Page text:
The defending champions in the Men’s and Women’s categories, Nino Schurter and Esther Süss, will be the first to wear the Leopard jersey for UCI-registered riders who have lost their teammates during the race and decided to continue as individuals. Both will move a few starting spots back, lining up with a batch behind the elite men’s and women’s groups. They will not be allowed to race with the elites.
“The Leopard jersey has been introduced to replace the Outcast jersey,” said Sarah Harrop, head of marketing and communications at the Absa Cape Epic. “We wanted a symbol that aligned with the untamed nature of Africa and the race. Its distinct and unique design, ensures custodians of the Leopard jersey cannot interfere with the racing."
“It is a decision that shows the esteem these riders hold for the Absa Cape Epic. The Leopards are magnificent solitary cats, who forge their own paths, surviving and thriving. The Cape Leopard Trust became one of the official charities of the Absa Cape Epic in 2016. Some of the routes take place through territories that are home to the Cape Leopard, so it fits in with the DNA of the event.
“We have so much respect for Nino and Esther, who have been such an important part of the story of the Absa Cape Epic, and for them to want to finish the race shows their character and why they are such incredible champions.”
There have been many elite riders who have continued to ride the Absa Cape Epic solo. Marathon World Champion Alban Lakata was an individual finisher in 2013 after his partner, Robert Mennen broke a collarbone after colliding with a duiker. Former cross-country World Champion Jose Hermida carried on in 2014. In the same year, Urs Huber continued on after Absa Cape Epic stalwart Karl Platt was forced out.
Süss lost Meerendal CBC partner Angelika Tazreiter after she dislocated her shoulder in a crash on Monday, coming together with another rider. It has been a hard time for Süss after her teammate from 2017, Jennie Stenerhag, injured her leg the week before the Absa Cape Epic and had to withdraw. Süss, a two-time winner, is taking part in her ninth Absa Cape Epic.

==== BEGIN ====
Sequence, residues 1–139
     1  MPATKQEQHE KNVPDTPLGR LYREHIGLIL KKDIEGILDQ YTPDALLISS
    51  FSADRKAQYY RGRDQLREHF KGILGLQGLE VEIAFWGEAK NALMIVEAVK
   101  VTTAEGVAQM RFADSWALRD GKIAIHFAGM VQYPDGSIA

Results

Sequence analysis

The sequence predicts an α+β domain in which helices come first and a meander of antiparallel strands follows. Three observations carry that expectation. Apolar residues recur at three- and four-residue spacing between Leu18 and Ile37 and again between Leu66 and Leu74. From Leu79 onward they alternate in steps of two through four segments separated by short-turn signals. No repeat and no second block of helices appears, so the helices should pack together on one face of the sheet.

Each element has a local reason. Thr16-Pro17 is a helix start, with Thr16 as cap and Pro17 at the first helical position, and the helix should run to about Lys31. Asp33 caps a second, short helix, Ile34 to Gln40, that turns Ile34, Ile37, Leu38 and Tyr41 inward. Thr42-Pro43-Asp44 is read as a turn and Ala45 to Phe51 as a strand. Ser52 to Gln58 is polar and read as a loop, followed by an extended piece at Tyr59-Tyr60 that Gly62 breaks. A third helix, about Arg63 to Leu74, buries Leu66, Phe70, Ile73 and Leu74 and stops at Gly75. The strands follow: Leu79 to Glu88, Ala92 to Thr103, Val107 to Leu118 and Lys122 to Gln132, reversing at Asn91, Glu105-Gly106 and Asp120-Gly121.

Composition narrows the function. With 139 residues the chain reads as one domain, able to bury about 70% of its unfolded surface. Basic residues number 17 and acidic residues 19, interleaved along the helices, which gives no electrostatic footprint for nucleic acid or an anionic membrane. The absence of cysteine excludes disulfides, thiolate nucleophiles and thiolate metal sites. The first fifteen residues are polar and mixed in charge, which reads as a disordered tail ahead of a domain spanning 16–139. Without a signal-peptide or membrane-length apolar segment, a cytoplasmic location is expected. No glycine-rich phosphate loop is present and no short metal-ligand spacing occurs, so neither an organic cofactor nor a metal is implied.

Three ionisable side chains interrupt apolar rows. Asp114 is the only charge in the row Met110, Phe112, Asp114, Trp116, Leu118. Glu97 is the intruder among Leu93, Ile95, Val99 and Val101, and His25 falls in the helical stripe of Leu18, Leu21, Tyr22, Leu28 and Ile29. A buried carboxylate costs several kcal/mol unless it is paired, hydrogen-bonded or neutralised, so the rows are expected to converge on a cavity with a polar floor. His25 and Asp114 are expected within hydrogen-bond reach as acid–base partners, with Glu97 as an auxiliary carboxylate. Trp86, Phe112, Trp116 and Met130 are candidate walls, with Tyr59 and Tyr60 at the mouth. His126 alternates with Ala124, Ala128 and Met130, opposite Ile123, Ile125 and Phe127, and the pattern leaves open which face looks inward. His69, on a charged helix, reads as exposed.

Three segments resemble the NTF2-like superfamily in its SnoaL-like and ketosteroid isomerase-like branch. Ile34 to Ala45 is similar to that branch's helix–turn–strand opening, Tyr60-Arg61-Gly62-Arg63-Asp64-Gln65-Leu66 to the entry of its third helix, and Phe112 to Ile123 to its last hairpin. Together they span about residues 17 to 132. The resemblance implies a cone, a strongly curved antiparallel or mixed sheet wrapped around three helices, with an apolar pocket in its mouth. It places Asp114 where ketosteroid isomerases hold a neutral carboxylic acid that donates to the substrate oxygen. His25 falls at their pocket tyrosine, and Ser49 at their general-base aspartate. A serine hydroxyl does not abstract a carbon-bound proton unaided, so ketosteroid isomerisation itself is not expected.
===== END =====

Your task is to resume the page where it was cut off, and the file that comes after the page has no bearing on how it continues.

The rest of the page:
“I feel so sorry for Angelika to have to go out like that,” said Süss. “It just hasn’t been my year, but the Absa Cape Epic is a special race and, for me, it is a race I love. Even though I am not competing for the title this year, I can use the race as the best training for the rest of the season, riding on some of the best trails in the world.”
Schurter’s Scott-Sram partner, Matthias Stirnemann, struggled with illness overnight, which affected him so badly during the stage he was forced out and treated for severe dehydration. The two won last year’s Absa Cape Epic in grand style, with the Swiss Schurter admitting that the win had come a year earlier than they had expected. The win was the first victory in a perfect year for Schurter as he went on to win all six legs of the UCI World Cup and the Cross-Country World Championships in Cairns, the fifth time he has been crowned World Champion.
As they crossed the line in Robertson yesterday, Schurter put his hand on the back of his fellow Swiss for the courage he had shown in getting to the line on the tough first stage through the sandy, rocky Robertson valley. “Matthias was very sick last night and could not keep anything down,” said Schurter. “He wasn’t able to carry on, but I will for sure keep on going.”